I have tried to look at the report not just through the lens of my own views on a sensible immigration policy for New Zealand. If one is evaluating the quality of a report, what matters isn’t just (or even mainly) if the authors end up agreeing with you, but how. I can’t believe that any serious champion of large scale immigration to New Zealand (and there are some, not just among the self-interested) would regard this report as a serious and useful contribution to a better understanding of the issue in New Zealand. If those were my views – and of course they aren’t – I’d be a bit embarrassed that this was the best the government’s Productivity Commission had managed to come up with.

As it happens, I am very curious as to how the Commission ended up where it did. I chose not to make a submission, on some combination of lack of confidence in the Commission, health, and a sense that staff and at least some commissioners were well aware of my arguments, which had been documented extensively over the years. But about three months ago I had an approach from a senior staff member asking if I would write a paper for them, which they would have reviewed and would then publish, articulating the “Reddell hypothesis” and reviewing the experiences here and abroad that might help shed light on the issues etc.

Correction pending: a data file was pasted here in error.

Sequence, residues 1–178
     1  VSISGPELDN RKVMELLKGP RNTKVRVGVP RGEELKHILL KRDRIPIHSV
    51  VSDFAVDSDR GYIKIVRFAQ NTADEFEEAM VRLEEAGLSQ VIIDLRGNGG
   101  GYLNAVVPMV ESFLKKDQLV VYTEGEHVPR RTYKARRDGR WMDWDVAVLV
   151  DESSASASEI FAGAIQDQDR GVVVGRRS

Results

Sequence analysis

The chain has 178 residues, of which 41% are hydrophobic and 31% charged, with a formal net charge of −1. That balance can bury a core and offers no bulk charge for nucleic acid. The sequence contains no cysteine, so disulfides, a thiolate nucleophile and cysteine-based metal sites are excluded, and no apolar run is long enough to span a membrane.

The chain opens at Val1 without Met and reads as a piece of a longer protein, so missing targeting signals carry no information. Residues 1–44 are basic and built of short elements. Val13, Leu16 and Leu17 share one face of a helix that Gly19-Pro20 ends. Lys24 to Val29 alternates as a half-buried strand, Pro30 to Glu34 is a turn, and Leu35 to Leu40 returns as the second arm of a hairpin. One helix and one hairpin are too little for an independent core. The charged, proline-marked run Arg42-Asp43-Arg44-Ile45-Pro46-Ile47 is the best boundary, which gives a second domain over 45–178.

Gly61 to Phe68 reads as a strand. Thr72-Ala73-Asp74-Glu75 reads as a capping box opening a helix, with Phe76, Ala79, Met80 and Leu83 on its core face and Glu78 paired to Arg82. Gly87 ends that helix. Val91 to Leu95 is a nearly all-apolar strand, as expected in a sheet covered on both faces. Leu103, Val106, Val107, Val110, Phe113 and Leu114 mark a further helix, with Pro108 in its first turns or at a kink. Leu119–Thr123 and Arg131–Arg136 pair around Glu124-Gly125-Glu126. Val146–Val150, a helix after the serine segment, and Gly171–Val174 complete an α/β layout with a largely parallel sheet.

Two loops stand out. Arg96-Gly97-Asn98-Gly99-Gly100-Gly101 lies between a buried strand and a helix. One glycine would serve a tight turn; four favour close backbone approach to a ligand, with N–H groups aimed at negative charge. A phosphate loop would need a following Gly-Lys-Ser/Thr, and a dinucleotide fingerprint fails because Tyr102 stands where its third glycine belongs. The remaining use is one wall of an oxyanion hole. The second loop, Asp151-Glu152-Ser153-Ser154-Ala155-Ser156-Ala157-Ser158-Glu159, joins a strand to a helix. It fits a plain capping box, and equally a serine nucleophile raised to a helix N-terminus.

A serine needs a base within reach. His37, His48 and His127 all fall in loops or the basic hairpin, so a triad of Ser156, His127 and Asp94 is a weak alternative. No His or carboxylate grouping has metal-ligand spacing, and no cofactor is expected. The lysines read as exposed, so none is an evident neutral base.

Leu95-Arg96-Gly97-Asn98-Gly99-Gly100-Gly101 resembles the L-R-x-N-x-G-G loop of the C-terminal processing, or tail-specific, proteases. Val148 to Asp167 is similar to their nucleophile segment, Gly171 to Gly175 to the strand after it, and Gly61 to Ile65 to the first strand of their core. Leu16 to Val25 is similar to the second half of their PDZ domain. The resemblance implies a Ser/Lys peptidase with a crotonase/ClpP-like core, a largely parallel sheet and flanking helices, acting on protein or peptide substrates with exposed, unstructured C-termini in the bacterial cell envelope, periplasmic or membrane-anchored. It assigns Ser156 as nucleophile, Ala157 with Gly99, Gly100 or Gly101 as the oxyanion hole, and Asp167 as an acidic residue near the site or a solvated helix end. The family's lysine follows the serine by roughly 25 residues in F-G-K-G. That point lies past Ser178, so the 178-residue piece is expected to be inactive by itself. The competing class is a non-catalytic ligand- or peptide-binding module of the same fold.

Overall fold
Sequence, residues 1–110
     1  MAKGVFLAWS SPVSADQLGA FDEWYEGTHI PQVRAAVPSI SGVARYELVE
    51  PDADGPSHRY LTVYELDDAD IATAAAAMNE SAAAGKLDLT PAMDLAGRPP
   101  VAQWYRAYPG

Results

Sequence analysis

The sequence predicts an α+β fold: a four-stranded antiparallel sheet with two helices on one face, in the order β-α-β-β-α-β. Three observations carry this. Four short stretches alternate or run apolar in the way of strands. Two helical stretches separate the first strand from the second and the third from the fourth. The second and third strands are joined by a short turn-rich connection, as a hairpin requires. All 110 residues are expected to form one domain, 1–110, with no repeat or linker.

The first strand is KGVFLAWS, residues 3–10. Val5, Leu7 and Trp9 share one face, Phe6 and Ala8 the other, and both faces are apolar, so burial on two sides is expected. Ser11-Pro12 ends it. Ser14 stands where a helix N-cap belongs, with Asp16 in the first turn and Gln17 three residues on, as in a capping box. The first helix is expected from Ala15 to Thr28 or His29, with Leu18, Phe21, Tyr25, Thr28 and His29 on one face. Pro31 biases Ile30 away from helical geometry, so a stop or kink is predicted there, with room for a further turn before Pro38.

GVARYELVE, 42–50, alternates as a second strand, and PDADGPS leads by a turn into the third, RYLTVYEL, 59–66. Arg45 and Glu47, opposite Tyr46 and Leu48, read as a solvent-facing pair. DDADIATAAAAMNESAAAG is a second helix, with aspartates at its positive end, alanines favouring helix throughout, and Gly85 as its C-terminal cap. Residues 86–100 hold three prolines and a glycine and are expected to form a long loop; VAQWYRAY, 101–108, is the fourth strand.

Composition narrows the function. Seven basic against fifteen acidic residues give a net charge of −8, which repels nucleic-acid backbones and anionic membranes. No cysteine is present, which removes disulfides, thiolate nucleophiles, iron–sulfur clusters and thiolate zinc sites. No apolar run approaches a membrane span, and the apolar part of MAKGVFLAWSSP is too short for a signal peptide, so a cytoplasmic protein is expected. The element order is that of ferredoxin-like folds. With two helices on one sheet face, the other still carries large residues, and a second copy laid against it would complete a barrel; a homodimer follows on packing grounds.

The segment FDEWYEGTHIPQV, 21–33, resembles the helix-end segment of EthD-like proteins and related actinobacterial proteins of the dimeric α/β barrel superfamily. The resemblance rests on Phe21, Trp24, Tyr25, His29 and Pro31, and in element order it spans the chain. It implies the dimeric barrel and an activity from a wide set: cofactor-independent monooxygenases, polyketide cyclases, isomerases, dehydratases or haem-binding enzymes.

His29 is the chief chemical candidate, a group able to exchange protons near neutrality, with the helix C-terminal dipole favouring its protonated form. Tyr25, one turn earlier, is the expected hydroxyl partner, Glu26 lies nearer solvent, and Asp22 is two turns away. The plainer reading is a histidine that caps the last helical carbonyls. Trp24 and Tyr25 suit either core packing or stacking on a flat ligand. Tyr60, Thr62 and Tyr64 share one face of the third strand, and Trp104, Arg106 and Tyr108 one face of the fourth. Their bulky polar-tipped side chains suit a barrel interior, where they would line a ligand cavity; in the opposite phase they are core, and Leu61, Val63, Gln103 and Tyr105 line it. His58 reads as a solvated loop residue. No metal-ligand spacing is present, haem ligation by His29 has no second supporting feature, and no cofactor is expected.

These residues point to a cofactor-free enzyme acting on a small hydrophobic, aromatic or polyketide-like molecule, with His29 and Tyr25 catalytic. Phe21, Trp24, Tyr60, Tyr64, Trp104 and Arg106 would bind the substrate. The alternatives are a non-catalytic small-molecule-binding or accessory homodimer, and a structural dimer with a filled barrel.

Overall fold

I declined almost immediately, and after some further engagement not only declined but suggested that such a paper would not necessarily be in their best interests even if the Commission was to be sympathetic to my story (they’d have been much better off getting someone not precommitted to review the arguments and evidence). But I have since had a couple of sessions with staff and commissioners on the issues and arguments, and while I’m not going to go into detail on the substance of those discussions, suffice it to say that it was something of a surprise to read the report, and the lack of serious engagement with the issues and experiences.